So what exactly is code lint? I’m sure we’ve all heard of a linter but how many out there have actually taken the time to sit down and use one? What are they used for? Well, getting rid of code lint, of course! A linter is defined by Wikipedia as:
A linter or lint refers to tools that analyze source code to flag programming errors, bugs, stylistic errors, and suspicious constructs.
So obviously feeding off of the definition of a linter, a good explanation for the lint itself could possibly be clearly defined as:
Code lint is a software programming “smell” that is identified by programming errors, bugs, stylistic errors and/or suspicious constructs.
So how can “linting” help?
Well, now that you can kind of understand where I’m heading with this, you may ask…ok? So how can linting help me? Well, I have a small list here for you:
- Prevent bugs
- Save time in development
- Promote best practices
Keep in mind that a linter is a tool that simply inspects your code and makes sure that it follows certain “rules”. These rules you or your team will have to define ahead of time.
There are tons of linters out there, but I figured I could just compare and contrast some of the most popular ones. By looking at the crude comparison graphic below, you can tell that not all Linters are created equal. Many linters are created with a specific purpose in mind.
If you are just getting started with Linting, I would recommend JSLint as it’s already there and ready to be used with no configuration required. If you would like a more details comparison of these be sure to check out SitePoint. Their comparison is actually what the graphic above is based on.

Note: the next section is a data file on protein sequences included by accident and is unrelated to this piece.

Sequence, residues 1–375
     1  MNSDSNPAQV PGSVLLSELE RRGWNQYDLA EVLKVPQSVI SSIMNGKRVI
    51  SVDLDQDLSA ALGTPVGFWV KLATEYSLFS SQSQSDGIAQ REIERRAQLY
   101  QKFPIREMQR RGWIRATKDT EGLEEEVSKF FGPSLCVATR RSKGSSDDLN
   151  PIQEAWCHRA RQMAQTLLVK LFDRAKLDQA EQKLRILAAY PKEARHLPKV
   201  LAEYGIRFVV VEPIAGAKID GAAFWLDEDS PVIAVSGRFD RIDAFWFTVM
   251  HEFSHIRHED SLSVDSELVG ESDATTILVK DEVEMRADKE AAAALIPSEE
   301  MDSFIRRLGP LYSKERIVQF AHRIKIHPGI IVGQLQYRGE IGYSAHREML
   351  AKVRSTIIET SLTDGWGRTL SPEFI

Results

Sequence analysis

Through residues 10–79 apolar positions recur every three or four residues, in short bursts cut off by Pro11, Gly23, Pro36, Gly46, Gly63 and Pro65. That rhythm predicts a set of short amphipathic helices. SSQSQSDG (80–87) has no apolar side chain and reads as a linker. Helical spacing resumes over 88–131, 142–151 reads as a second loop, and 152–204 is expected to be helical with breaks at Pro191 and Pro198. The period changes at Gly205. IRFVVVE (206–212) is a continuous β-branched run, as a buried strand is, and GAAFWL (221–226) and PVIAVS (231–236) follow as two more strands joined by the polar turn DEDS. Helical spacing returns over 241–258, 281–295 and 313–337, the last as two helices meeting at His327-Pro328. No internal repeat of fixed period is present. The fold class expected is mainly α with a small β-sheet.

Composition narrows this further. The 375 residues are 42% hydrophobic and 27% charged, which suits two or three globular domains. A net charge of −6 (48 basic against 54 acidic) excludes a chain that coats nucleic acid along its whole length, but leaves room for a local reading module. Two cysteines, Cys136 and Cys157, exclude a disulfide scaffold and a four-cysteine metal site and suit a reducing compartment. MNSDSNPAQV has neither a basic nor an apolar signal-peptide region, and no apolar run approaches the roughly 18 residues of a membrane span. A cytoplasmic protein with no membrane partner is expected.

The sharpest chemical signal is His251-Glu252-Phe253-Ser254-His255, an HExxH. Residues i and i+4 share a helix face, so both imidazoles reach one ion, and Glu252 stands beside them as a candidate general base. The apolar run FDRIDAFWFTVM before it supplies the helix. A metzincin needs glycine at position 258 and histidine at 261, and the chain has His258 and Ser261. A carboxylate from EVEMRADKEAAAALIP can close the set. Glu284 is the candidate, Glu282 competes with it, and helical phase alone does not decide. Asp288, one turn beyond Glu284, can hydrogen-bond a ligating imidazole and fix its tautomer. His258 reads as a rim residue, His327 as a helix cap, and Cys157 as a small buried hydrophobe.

Configuring most linters is usually fairly straight-forward. Let’s take a look at a typical configuration file for ESLint.
As you can see the config values are comprised of a very simple JSON object. In here you can specify the various rules that you want your team or organization to follow. The beautiful thing about file-based configuration linters is that you can check the config file into source control to be easily shared among the team. While I’m not going to go into depth on how to configure all the linters, here is a brief tutorial on setting up ESLint.
Linting errors and warnings
Linters would be fairly useless if they didn’t give you any real-time feedback. The entire purpose of using a linter is to provide you with simple feedback on how your code will perform or any issues with styling, design, syntax, etc. If you look at the below image you can see what this looks like from ESLint in VSCode. As you can see the linter informs the developer of an error in their code (extra semicolon) and another possible issue of a variable being declared but never used.
I’m hoping that by this point I have convinced you of the benefit and ease of using these utilities. The only thing left to do know is to pick out your favorite one! Once you get it picked out, start using it to get all of that lint off your clothes…er…code!